Friday, September 3, 2010

Where Does the Salt from Winter Roads Go?

A recently released study conducted by the USGS Wisconsin Water Science Center has shown that streams are being adversely affected by the use of salt for deicing roads, sidewalks and parking lots. The study focused especially on eastern Wisconsin and Milwaukee, but also included other northern U.S. cities.

In eastern and south-central Wisconsin, chloride levels exceeding US EPA chronic water quality criteria were found in 100 percent of urban streams during winter. These chloride levels are the determinant of toxicity in the water. Further, the chloride levels of the water were not declining enough even by the time summer came in order for those streams to be suitable for many aquatic inhabitants. Nationally, 55 percent of northern streams samples chloride levels exceeded US EPA chronic water-quality criteria.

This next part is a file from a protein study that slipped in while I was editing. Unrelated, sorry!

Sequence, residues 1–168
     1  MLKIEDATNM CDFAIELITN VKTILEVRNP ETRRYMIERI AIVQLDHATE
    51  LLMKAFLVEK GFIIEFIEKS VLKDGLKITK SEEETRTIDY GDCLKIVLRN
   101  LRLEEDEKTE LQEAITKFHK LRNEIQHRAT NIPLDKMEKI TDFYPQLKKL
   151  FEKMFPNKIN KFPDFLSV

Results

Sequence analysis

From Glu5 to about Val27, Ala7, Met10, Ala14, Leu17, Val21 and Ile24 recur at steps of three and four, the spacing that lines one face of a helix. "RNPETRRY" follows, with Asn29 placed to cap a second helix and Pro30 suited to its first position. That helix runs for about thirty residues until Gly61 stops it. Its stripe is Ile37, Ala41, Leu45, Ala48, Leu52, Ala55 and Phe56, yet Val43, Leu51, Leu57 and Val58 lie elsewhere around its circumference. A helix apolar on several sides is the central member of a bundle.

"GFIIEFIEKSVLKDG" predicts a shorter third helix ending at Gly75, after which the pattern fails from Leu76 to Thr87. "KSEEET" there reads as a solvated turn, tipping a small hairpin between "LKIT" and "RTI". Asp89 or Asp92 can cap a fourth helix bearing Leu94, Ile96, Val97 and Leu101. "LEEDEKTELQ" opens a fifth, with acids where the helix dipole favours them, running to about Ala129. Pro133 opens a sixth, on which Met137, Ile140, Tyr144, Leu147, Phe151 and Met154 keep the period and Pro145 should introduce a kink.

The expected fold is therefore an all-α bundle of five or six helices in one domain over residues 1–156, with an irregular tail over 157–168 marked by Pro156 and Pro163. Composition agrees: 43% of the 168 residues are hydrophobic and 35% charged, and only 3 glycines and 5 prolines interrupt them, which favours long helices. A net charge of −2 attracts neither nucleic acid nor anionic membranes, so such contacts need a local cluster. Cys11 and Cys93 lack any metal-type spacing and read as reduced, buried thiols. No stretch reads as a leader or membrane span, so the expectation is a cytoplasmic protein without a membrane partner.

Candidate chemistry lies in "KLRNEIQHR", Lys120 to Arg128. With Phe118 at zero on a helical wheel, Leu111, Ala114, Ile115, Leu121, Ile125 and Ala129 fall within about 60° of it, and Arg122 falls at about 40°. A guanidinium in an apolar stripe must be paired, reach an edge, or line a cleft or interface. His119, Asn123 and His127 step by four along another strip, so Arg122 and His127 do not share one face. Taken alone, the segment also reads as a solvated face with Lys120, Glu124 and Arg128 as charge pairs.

Matthew C. Larsen, the Associate Director for Water at the USGS says: "This study suggests the need for advancements that will reduce salt loads to surface waters." Read the full release: "Many Urban Streams Harmful to Aquatic Life Following Winter Pavement Deicing" on the USGS website. For further reading suggestions, see our recommended reading list on Understanding and Protecting Groundwater.

Photo by Michael Pereckas